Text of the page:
With so much going on, Mair asked a fellow shop owner – also an up-and-coming musician – to mind the shop in Kensington Market in the mornings. That stall owner was Freddie Mercury, who later became shop manager on the way to rock stardom with Queen.

Mair’s boots were worn by the biggest names in rock. In fact, he even gifted a pair to his old pal David Bowie in the early days of the star’s career because he couldn’t afford to buy them.

“David said, like everyone else in the industry, he was on about £20 a week. So I told Freddie to fit David for a pair of boots and gave him them for free.

“Thinking back, it’s all pretty bizarre. I wish I had a photo of it – Freddie Mercury fitting Bowie for a pair of boots – but we never really took photos back then. And I had no idea at the time just how big they would both turn out to be.”

Mair says one of the nicest things about Mercury was his modesty. “Freddie used to say to me he was in this ‘little’ band.

“I knew a lot of musicians who said they were going to turn professional. But Freddie never boasted and was always very humble. It seemed like every year different things were happening for Queen but the band hadn’t taken off yet.

“Every year Freddie would jokingly say to me, ‘You never know, I might not be here next year’.

“Everyone from the market used to go to the pub on a Saturday night and I still remember Freddie inviting us to one of Queen’s earliest gigs – and they weren’t very good! Freddie was awkward on stage. He hadn’t honed his craft yet. We all wondered what we were going to say to him on the Monday.”

However, a while later, Mair was driving the van when he heard a song on the radio – and when the presenter said it was Queen he knew Freddie had made it.

“When I got to the market, I said to Freddie he had a hit record. I don’t think it made the top 10 but it was definitely a hit. He stayed on at the market for four years. I was paying him £70 – three times the amount he was getting as a member of Queen at that point.”

Freddie Mercury, second left, with Queen in 1970 © South Coast Press/Shutterstock
Freddie Mercury, second left, with Queen in 1970

After Freddie left in 1974, the pair stayed in touch for years. As a member of The Only Ones, Mair went on to score a cult hit with Another Girl, Another Planet and shared bills with big-name acts including The Who, Primal Scream, U2 and Simple Minds.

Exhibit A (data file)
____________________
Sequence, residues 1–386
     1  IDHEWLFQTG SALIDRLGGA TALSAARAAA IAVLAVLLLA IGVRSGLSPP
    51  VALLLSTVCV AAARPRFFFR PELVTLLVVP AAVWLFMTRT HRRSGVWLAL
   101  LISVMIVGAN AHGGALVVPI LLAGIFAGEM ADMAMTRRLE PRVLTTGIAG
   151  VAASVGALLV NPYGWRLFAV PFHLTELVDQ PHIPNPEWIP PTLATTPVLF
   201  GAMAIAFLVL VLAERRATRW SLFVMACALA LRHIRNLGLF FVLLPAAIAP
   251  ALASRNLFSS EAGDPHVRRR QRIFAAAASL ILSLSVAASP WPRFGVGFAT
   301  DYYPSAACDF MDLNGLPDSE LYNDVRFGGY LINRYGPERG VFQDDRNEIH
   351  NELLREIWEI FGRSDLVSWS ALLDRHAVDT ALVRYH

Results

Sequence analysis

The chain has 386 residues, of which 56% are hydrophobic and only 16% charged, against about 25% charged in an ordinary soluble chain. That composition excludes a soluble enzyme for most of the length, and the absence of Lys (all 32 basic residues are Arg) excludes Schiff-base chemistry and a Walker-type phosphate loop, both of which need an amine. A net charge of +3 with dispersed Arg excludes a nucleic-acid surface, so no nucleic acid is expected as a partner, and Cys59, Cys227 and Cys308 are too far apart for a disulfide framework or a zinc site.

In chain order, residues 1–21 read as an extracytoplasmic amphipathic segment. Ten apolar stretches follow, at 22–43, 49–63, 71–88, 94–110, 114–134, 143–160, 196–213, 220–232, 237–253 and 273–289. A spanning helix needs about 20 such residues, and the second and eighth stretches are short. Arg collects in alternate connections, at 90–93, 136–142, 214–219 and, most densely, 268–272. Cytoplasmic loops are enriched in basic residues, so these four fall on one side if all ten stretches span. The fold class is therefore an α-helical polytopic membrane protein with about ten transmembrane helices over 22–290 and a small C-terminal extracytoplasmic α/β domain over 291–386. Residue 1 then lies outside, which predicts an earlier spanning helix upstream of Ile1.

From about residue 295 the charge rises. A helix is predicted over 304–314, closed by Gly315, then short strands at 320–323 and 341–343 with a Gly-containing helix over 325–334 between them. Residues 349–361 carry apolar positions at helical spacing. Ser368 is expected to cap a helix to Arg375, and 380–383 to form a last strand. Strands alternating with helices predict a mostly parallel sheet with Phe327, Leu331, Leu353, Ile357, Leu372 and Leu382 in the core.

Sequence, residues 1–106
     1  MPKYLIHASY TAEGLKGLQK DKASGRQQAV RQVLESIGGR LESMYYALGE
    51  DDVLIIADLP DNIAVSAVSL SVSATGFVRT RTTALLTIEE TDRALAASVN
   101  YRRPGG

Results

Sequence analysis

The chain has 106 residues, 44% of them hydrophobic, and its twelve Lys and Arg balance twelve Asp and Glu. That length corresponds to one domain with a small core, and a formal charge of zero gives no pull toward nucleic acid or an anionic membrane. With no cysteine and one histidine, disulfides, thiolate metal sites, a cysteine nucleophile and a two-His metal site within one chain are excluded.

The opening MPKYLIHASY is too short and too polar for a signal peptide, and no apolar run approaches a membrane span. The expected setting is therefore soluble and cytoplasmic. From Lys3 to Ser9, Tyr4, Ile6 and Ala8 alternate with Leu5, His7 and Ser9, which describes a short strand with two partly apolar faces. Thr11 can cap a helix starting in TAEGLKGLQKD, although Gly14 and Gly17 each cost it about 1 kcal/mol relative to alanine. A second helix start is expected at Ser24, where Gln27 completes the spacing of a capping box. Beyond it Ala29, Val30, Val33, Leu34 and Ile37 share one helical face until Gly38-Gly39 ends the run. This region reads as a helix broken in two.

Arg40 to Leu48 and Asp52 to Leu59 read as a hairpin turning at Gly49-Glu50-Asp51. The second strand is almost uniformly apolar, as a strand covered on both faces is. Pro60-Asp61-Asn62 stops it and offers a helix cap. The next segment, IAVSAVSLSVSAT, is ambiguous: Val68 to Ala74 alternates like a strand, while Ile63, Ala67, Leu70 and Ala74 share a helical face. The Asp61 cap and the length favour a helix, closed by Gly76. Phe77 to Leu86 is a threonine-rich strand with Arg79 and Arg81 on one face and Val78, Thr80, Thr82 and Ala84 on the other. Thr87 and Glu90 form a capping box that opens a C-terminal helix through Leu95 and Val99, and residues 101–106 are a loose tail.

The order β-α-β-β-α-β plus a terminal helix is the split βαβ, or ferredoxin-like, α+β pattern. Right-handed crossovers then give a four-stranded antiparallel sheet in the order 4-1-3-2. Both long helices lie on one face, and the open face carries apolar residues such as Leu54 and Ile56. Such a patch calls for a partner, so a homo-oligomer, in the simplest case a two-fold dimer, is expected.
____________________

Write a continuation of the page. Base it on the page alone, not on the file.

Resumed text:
With more new music on the way, Mair says his healthy lifestyle, and a little bit of luck, are the reasons for his longevity

“I didn’t drink, smoke or take drugs, the things most rock stars did. Those things just weren’t for me,” he said.

Despite not having released his new single – his third as a solo artist – yet, the grandfather of two is already excited about the follow-up.

“It’s connected to part of Scotland’s history,” he said. “I’m hoping it will be out in November and I can launch this one in Scotland. It will be good to get back.”

Bowie: The flatmate who fell to earth

David Bowie in 1969 © Dezo Hoffman/Shutterstock
David Bowie in 1969

Alan Mair first met David Bowie, still David Jones and looking for a break, because the Beatstalkers shared a manager, Ken Pitt, with him in London.

The band recorded three songs penned by Bowie and he sang backing vocals on a few tracks.

“Bowie and I each had a room in Ken’s flat for about nine or 10 months,” said Mair. “I would drive him to gigs and make clothes for him and he would hang out with my son Frankie.

“He would always say Frankie was such a character he even wrote a song about him, Little Bombardier.

“The lyrics changed as the song grew but the initial ones were about Frankie. When Frankie was 13, he asked me if I had ever heard of a singer called David Bowie. I said, ‘Of course I have – and he wrote a song about you!’.”

Mair was so busy with his boots business that he almost missed the soon-to-be Ziggy Stardust’s big break.

“I had my head down and stopped paying attention to music magazines,” he recalled. “A few of the guys from the market said they were going to a Bowie gig. I decided to go along. It was a sell-out with hundreds outside trying to get in.

“So I went to the doorman and asked if he could get a message to David that an old friend was here. A few minutes later, he directed us to the stage door.

“We were passing the dressing room and I heard David singing so I opened the door. He was putting the stripes on his face. He gave me a hug. It was a warm welcome.

“He told us to go into the press area and I couldn’t believe it. It blew me away. It was clear a star had definitely been born.”